In a city in where ramen enjoys cult-like status, Ivan Orkin’s achievements would be no mean feat for a Japanese chef – for a foreigner they’re unheard of.
Okay, I’ll admit it, I was nervous about using a Japanese onsen. I’m not a big nudist. In fact I think the best time to be nude is when you have a lot of clothes on, and maybe a coat.
Fluorescent lights hummed on the edge of hearing. I watched out of the corner of my eye as a thin bead of drool ran slowly down a sleeping woman’s chin.
When I read ‘monastery stay’ on our Intrepid Japan itinerary I was a little sceptical about what I’d find. Truthfully I was picturing some 1980s brick building staffed by Canadian expats with names like ‘Floating Leaf’ or ‘Jarod’, and dotted with plastic Buddha statues and inspirational posters.
Everyone knows you don’t make friends with salad. But everyone also knows rules were made to be broken.
The awful news that a 6.0 magnitude earthquake struck Mt Kinabalu on Friday has affected the entire Intrepid community of staff and travellers.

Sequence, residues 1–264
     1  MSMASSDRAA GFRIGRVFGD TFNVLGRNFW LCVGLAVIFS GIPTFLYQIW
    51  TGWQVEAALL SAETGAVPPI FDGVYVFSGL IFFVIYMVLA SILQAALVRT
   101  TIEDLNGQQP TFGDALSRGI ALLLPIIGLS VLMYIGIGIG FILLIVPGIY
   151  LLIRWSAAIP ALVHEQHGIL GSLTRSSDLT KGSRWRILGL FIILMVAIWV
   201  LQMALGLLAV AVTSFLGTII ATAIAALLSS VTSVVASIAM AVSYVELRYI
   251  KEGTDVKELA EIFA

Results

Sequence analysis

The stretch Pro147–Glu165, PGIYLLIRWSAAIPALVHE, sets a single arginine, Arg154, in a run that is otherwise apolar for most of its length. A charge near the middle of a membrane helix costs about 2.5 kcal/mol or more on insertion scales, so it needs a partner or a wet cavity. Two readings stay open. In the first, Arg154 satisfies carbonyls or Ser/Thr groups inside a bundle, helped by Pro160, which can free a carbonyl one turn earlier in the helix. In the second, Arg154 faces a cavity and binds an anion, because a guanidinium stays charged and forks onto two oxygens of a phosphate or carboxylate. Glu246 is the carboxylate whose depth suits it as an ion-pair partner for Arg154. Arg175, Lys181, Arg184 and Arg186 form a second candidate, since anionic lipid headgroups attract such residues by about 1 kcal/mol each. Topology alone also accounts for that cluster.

“Nothing will go well, so you always feel uneasy.” Wish these words, the dragon robot sealed my fate.
“Tourism creates jobs, jobs support families.” All your Nepal questions answered by our man on the ground
Nicholas Cowie lives with his wife and children in Budhanilkantha, Kathmandu. He was there when the earthquake struck on April 25th, when pictures fell from the walls and the ground snaked and shook beneath his adopted hometown.
The traditional greeting in Nepal is ‘namaste’, spoken with a slight bow and the palms pressed gently together. It’s the acknowledgement of the soul in one by the soul of another, and there’s no gesture or word that better sums up the spirit of Nepal.